In order to learn about the inner workings of Facebook we were introduced to an article by technology writer Will Oremus which discussed the numerous algorithms used by Facebook in order to work their Newsfeed system. The article gave a huge insight into the ways in which Facebook aim to rank posts from an individual’s set of friends, groups and liked pages in order of their preferences based upon various factors, such as the number of likes, clicks, shares and comments on certain posts.
Oremus’ piece reveals that Facebook uses an algorithm called “Prediction Algorithm” which gives the hundreds of posts of an individual’s feed a “relevancy score” based upon the actions of the user. Then, the posts with the highest “relevancy score” are ranked at the top the user’s Newsfeed and those of little relevance are disregarded.
Surprisingly, the article also revealed the qualitative surveys that Facebook have increasingly used during the past few years. Rather than being merely using qualitative data to order posts based upon data such the number of likes, shares, comments etc, Facebook began interviewing thousands of its users in order to refine the accuracy of its Newsfeed. Participants were shown numerous examples of typical posts and asked to rank which of them they prefer as well as being asked why they had liked certain posts and not others.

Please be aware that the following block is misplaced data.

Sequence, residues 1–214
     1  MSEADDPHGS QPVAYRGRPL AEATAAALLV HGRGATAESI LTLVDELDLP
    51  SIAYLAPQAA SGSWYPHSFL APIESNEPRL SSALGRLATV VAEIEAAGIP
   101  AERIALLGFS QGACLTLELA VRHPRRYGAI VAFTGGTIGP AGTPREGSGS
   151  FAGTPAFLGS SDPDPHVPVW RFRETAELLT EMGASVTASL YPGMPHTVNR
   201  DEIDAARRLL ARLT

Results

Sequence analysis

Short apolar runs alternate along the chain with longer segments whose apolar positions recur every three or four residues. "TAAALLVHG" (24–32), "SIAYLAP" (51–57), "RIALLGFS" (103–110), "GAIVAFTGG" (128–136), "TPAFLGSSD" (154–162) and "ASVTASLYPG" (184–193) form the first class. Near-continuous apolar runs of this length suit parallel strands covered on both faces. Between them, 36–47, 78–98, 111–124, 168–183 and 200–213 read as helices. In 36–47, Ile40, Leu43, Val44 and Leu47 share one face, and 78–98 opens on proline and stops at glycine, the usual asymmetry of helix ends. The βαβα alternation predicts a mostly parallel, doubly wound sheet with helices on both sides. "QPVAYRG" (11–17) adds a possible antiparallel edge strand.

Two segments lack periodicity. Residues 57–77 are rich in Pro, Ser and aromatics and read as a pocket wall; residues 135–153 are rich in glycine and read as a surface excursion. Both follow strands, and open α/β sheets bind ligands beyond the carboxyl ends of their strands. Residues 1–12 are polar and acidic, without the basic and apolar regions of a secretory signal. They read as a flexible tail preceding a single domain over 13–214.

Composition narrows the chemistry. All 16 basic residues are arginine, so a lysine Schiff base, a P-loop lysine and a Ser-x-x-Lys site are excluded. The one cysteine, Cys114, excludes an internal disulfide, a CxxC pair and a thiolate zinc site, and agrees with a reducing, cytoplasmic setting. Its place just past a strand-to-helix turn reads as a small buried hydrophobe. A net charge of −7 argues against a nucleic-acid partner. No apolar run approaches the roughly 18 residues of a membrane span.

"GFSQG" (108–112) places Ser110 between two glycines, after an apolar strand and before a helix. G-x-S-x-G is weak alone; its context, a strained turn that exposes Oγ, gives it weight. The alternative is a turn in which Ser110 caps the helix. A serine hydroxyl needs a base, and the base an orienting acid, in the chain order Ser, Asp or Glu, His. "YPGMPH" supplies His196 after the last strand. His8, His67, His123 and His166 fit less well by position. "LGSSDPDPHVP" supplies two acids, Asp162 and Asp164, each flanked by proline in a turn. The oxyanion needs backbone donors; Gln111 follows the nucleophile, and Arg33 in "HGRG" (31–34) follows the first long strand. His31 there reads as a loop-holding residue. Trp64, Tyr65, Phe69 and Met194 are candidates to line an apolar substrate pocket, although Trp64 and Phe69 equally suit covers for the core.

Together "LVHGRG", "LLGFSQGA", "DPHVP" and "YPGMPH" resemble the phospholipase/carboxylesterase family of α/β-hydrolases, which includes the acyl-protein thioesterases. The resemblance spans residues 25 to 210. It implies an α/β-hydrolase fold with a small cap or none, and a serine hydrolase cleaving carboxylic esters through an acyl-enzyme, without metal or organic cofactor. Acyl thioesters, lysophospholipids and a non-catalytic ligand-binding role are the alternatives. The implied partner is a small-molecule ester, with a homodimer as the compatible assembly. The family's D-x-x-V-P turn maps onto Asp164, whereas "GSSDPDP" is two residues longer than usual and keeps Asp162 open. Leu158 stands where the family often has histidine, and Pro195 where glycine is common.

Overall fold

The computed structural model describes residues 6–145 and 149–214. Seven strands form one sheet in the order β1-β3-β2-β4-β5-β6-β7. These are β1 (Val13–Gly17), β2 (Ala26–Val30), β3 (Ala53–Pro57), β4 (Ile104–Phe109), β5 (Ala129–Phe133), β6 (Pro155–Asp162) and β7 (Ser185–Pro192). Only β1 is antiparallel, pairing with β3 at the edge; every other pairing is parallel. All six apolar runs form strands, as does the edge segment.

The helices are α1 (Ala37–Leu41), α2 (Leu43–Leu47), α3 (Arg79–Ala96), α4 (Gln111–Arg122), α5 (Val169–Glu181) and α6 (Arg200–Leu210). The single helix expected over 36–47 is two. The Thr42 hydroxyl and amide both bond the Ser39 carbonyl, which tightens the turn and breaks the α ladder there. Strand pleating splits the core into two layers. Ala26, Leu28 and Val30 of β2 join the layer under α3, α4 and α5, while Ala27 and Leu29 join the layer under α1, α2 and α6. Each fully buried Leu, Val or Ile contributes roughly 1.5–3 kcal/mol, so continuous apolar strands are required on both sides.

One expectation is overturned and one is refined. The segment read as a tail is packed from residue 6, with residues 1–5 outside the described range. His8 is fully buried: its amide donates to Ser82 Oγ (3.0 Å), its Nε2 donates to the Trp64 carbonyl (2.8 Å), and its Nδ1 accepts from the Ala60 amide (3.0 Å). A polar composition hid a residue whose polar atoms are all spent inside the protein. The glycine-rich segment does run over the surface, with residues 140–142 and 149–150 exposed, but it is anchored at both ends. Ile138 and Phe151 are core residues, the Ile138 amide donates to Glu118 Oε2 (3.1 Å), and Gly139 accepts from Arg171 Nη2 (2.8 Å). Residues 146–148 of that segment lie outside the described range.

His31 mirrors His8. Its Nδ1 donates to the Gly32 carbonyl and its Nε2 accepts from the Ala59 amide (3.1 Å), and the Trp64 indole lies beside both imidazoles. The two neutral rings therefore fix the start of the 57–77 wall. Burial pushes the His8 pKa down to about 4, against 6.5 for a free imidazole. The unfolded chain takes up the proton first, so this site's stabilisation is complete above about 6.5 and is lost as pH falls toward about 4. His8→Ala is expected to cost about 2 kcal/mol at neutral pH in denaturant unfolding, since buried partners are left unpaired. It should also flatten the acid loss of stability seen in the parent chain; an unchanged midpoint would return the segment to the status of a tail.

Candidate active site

On the whole, the article changed my perception of Facebook and made me question why certain posts on my own Facebook Newsfeed were ranked above others.
This week also saw us introduced to the Amazon Kindle app on the smartphones. The app allows users to add various articles, stories and reports to their reading lists which gives a far better user interface reading on the Kindle app. Although it’s practical applications seem limited to me at the moment, I’m sure with time the app will become more and more useful to me throughout my time on the course.
When applying to study Sports Journalism last year, I wouldn’t have believed you if you told me that within the first week I would have been in a Press Box recording a radio match report on a Yorkshire Derby between Leeds United and Barnsley in front of over 27,000 people at Elland Road.